The pending merger of the two largest cable-TV providers in the U.S., Comcast and Time Warner Cable, — which also happen to be the two largest broadband ISPs — has been opposed by many proponents of net neutrality, including Level 3 itself.
Opponents of the merger argue it would give Comcast a near-monopoly over broadband Internet connections in the United States, and that federal regulators should block the merger on antitrust grounds. The FCC and the Department of Justice will both have to approve the proposed merger.
A free-market end to broadband monopolies
The solution to the problem of deliberately throttled broadband service may be more competition. Taylor noted that "in countries or markets where consumers have multiple broadband choices (like the UK), there are no congested peers."
The United Kingdom and some other European countries regulate broadband as a common carrier, meaning that several ISPs are allowed to offer service over the same high-speed last-mile lines. In those countries, consumer broadband service is both cheaper and faster than it is in the U.S.
In contrast, the cable-company-controlled U.S. broadband ISP market is "even less competitive than suscription TV service" and "there is little incentive to improve service," last year's ASCI report noted. "Dissatisfied customers have a difficult time leaving their provider for an alternative supplier."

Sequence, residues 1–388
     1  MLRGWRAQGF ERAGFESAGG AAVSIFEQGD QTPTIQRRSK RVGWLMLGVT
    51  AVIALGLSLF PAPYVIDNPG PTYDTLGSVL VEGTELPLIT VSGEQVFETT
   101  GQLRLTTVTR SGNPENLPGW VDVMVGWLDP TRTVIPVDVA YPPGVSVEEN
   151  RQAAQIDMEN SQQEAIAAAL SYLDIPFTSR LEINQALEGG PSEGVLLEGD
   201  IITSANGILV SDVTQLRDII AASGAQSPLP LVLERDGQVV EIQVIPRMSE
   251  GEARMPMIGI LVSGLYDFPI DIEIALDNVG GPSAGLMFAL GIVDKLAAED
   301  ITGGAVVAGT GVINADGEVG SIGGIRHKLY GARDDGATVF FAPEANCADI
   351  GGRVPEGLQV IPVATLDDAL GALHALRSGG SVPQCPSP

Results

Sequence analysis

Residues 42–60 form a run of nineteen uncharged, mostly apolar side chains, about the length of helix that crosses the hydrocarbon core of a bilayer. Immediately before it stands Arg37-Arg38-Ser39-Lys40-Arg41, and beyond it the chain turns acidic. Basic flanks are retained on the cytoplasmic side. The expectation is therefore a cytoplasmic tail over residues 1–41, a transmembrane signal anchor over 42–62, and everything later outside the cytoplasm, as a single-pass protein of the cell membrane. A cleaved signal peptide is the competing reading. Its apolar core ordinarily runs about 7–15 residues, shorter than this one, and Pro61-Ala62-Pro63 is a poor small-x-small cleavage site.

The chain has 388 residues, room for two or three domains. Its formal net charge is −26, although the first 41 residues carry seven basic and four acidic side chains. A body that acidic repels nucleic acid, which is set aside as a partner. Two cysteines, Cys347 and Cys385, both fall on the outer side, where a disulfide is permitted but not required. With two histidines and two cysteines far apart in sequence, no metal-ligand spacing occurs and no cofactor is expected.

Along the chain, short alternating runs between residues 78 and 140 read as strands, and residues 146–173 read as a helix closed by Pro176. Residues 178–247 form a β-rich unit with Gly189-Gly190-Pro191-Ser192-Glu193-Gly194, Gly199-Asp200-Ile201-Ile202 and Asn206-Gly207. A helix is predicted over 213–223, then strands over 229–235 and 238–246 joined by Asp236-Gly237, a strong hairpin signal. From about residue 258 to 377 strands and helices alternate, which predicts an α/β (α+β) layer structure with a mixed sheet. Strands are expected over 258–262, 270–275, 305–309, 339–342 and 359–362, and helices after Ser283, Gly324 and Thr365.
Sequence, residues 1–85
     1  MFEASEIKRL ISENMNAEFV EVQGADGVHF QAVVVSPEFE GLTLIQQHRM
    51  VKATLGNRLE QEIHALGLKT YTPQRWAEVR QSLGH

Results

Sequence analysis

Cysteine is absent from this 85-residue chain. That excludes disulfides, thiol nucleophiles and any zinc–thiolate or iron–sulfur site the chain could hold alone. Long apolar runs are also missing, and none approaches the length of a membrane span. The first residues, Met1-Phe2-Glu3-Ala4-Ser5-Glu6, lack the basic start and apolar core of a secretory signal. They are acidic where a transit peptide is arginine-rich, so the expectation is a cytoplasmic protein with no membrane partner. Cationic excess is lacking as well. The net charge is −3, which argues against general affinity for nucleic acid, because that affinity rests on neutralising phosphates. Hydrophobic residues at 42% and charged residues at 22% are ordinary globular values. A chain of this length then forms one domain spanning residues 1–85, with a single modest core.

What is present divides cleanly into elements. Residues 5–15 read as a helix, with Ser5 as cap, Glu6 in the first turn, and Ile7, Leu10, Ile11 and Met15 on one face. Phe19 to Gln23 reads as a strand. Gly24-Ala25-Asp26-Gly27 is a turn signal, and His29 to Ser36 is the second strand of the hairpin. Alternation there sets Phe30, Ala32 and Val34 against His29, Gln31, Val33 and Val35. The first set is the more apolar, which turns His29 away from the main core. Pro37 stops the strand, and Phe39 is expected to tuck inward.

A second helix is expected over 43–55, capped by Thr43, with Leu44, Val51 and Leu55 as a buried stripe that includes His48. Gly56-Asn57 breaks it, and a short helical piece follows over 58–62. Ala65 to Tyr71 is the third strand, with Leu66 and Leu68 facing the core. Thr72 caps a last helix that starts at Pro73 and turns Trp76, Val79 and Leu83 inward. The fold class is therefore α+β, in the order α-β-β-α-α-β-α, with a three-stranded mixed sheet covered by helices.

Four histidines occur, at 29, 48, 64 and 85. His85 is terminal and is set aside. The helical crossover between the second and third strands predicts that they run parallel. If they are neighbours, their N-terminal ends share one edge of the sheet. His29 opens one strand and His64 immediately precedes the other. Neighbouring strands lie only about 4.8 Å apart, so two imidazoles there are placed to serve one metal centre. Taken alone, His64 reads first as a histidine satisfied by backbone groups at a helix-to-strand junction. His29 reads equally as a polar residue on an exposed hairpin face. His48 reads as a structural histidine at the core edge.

The authors of the ASCI report hoped that non-cable-TV broadband suppliers such as Google's Google Fiber service may result in more competition.
"Options such as Google Fiber may eventually force current ISP providers to step up their customer service," the report said. "At present, however, Google's promise of super-fast, reliable fiber-optic Internet service is still just a promise — implemented for early testing in only a few locations."
Other alternative broadband suppliers include municipal broadband networks, which already exist in several small cities. Perhaps the best-known is the one in Chattanooga, Tennessee. But even in that instance, the city of Chattanooga had to fight the cable companies in court before it could build out its own broadband network.